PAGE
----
"FIFO - First In, First Out."  This is a business term, usually used in accounting and other business operations.  In accounting, it means that the first documents that come in, such as sales orders or time cards, are processed and recorded first.

"GIGO - Garbage In, Garbage Out."  This saying started with computer programmers, but at one time it became popular for a while.  It means that even if a program is designed to process information properly, if you feed garbage (bad data or information) into the program, the program will put out bad information.

These quotes give us a general picture of what is going on when someone makes a nuisance report.

When someone hears or sees the minimum criteria first, that is what they tend to remember.  So, when they are out looking at storms, their minds are set on the low end of the spectrum.  Also, many people have a tendency to "lower the bar."  Like I said in my previous post, quarter-sized hail becomes quarter inch hail.  Hail is precipitation, so is rain.  Some might assume that if the NWS wants to hear about hail, they want to hear about rain too.

Just to be sure that everyone is on the right track, let me list, in my own words, the severe weather criteria according to priority:

TORNADO  =  A violently rotating column of air extending from a thunderstorm base to the ground.  A tornado WILL cause damage!  Anything that can cause damage, can also cause injury, or even death.  That is why tornadoes are #1 priority.

PERSISTENTLY ROTATING WALL CLOUD  =  A spinning, isolated lowering of the cloud base.  A persistently rotating wall cloud is one that appears to spin for 10 minutes or more.  Such wall clouds have a higher potential for producing a tornado than non-rotating clouds.  The shear factors that make the wall cloud rotate do indicate the storm is severe, so they should be watched and reported.

FUNNEL CLOUD  =  A spinning cone of condensation not in contact with the ground.  Funnel clouds are NOT tornadoes!  A tornado is always in contact with the ground, and is indicated by a dust or debris swirl on the ground.  If you cannot see the base of a funnel, report it only as a funnel.  Even if you can see the base, and it does not have a dust or debris swirl, report it, because severe conditions will be occurring near the funnel.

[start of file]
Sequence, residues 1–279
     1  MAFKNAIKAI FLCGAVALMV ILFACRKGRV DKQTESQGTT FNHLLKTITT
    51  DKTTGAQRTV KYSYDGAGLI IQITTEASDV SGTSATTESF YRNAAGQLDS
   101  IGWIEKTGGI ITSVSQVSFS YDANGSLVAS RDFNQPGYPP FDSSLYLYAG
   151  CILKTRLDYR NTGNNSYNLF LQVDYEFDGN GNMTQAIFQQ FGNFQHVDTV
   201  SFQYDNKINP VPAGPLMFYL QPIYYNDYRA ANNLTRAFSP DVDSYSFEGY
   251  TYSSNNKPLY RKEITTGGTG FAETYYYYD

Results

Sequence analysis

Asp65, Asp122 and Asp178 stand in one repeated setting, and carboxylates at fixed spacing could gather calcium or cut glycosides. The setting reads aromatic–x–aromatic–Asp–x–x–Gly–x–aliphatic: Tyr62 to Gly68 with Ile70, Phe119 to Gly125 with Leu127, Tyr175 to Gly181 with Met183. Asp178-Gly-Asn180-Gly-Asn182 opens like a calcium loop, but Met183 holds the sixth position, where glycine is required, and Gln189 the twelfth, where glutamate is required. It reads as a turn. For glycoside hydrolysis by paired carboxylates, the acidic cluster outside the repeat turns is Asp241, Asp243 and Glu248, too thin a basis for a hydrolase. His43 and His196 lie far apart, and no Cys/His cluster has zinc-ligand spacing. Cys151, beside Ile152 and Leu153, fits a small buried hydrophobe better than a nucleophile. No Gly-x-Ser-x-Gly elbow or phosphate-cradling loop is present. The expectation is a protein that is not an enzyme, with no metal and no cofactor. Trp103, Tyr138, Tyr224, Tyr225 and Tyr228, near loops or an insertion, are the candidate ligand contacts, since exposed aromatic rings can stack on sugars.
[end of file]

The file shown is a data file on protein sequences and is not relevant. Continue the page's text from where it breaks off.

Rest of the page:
SIGNIFICANT DAMAGE   Significant damage would include items such as large tree limbs broken off, numerous shingles blown off a roof, or heavy objects lifted into the air.  Reports of significant damage will confirm severe conditions that may have prompted, or might indicate the need for, a severe warning.

SIGNIFICANT FLOODING   Significant flooding would include a stream out of its banks, a bridge or roadway washed out, or a roadway that is not visible.  Reports of significant flooding will confirm severe conditions that may have prompted, or might indicate the need for, a flood warning.

HAIL THE SIZE OF QUARTERS OR LARGER   This means if you place the hailstone on top of a quarter, it will completely cover the quarter. The best practice for reporting hail is to measure its diameter with a ruler, tape measure or calipers.  Next best is to compare it to coins or balls: quarters, half-dollars, ping pong or golf balls, etc.

58 MILES AN HOUR WINDS OR GREATER   The best practice for winds is to measure with a handheld or stationary gauge.  (This is one the NWS should reconsider, for in estimating winds, and according to the Beaufort Scale, you cannot distinguish between 50 and 60 MPH winds by visual clues.)

Now, I can see two more factors in why the nuisance reports continue to be a problem.

First, we have people that have a strong desire and drive to get their amateur radio license and get into storm spotting or chasing, but they don't get their license until AFTER the spotter training is over.  They spend their time studying for their license, and miss the spotter training.  So, when they go out to look at storms, they are not familiar with the criteria.

Second, the spotter reference card they used to hand out at the spotter training is available for download online, but it needs SERIOUS updating!

Again the resolution to this problem is time, and patience.  Time to educate, to train, to familiarize people with the best practices.